>Czech Far Right Has-Bean


Sládek as Bean 

After a long period of exam season induced hibernation – if that’s the right word in the summer – I’ve completed a conference paper for a workshop on populism The Czech Republicans 1990-1998: Rise and Fall of Populist Radical Right Outsider Party. Not the most entertaining or easy bunch in Czech political history to write about and, as I argue in the paper, very much a part of the short 2-3 year interregnum that followed the immediate aftermath of the Velvet Revolution when all kinds of weird and wonderful parties – Moravian regionalists as a major force, who remembers that? – took the stage in a colourful, but misleading overture to Czech politics proper.

Thankfully, I now no longer need to sit in an overheated office reading the collected works of Miroslav Sládek, the Czech Republic own short-lived would-be Jean Marie Le Pen (and Mr Bean look-a-like: does Rowan Atkinson appreciate his contribution to anti-rascism in the Czech Republic, I wonder?) and occasionally watching strutting his stuff videos of grainy far-right rants in Old Town Square on You Tube. Should you feel, you’ve been missing out you can watch a bit of Czech political history below: a rather small crowd for a national rally by an up and coming radical right movement (as it was then).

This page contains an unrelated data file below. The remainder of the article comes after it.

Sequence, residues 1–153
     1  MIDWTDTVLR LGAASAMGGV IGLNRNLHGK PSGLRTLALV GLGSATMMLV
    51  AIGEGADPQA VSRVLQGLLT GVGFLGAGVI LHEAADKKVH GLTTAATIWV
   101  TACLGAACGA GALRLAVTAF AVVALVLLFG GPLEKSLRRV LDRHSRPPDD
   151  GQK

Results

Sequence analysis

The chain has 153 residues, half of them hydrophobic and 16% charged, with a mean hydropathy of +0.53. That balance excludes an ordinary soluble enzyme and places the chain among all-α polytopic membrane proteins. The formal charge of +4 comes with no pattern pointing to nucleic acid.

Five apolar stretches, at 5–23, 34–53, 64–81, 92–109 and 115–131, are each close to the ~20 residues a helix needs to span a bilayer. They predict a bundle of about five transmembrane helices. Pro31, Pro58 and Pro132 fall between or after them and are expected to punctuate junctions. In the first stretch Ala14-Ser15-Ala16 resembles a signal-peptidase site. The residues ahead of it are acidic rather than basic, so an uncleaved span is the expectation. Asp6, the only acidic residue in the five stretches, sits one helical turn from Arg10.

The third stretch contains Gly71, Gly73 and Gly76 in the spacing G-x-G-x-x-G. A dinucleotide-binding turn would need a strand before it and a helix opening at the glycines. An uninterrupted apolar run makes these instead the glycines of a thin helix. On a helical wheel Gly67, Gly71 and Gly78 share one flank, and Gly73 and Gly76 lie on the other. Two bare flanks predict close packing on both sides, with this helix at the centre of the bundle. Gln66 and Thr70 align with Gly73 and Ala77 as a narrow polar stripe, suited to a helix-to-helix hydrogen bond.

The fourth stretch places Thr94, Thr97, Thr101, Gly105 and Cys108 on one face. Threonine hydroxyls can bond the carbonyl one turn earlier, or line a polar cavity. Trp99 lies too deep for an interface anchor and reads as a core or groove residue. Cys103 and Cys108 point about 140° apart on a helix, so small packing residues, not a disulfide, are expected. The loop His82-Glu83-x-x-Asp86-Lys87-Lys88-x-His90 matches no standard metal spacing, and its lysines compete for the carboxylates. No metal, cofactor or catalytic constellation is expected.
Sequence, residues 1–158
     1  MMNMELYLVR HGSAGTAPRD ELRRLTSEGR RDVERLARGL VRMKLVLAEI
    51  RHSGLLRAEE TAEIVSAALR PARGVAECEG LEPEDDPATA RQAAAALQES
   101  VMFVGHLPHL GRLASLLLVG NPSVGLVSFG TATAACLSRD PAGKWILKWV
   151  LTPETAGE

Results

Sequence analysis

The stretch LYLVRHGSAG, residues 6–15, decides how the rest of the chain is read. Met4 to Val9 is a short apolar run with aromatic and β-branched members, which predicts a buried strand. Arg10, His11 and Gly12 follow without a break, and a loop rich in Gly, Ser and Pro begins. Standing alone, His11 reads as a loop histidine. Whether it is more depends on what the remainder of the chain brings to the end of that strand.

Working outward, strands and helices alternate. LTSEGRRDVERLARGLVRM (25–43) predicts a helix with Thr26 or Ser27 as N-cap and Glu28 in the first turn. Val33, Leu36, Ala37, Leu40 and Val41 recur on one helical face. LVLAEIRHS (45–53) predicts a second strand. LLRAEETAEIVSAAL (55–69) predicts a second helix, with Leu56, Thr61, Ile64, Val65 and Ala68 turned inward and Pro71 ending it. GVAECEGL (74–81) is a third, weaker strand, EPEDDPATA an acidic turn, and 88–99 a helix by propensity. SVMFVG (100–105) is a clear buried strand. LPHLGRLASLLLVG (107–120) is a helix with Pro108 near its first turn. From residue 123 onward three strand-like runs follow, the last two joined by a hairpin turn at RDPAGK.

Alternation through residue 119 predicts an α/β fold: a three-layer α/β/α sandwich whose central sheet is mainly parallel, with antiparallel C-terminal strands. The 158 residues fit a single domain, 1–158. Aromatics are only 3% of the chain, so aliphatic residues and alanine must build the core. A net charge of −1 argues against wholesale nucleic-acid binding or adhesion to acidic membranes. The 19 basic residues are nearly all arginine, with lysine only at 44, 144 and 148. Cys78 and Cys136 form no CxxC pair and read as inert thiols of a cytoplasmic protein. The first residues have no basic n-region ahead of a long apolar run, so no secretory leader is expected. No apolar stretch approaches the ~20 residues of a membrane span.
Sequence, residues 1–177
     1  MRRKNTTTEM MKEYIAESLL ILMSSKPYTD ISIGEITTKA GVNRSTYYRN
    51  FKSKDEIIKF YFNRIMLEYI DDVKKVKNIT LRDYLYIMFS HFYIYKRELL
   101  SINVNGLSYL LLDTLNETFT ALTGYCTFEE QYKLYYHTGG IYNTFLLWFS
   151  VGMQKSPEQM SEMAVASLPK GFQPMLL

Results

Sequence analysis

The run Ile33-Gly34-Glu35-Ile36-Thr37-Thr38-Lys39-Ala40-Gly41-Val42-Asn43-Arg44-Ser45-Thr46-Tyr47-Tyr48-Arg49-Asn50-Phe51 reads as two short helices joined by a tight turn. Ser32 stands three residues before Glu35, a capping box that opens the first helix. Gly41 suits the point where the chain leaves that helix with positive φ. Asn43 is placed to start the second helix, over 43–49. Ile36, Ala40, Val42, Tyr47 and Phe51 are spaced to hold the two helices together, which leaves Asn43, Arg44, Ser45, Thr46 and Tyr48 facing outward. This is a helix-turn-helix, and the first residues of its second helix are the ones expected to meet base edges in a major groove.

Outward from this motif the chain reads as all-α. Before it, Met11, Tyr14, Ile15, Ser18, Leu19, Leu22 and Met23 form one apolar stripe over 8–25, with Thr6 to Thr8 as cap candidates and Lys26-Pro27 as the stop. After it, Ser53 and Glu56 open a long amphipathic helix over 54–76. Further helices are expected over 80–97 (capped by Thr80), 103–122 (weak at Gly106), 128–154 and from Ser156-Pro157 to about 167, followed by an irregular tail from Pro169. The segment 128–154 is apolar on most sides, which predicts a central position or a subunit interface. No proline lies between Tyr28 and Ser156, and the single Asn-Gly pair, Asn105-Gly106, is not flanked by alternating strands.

Many thanks to Kevin Deegan-Krause for digging out the above  photomontage from his personal archive

2 responses to “>Czech Far Right Has-Bean”

  1. Benicek says :

    >Where is he now?

  2. Sean Hanley says :

    >Good question. He is certainly still around and, as far as can be told, living in some comfort in Brno: he re-constituted the Republicans for the 2010 election and can be seen grey and bearded sitting in an armchair in the guise of a sinister bed time story teller in the party's election broadcasthttp://tinyurl.com/sladek2010with odd echos of the commercial Peter Mandelson made to promote his memoirs. This attempted comeback was a total flop, however, and the banned-but -re-formed Workers Party made all the running on the far-right gaining 1.14% of the vote: actually, a pretty good showing by Czech far-right standards and, indeed, the best extreme right vote since Sladek crashed out of parliament in 1998.

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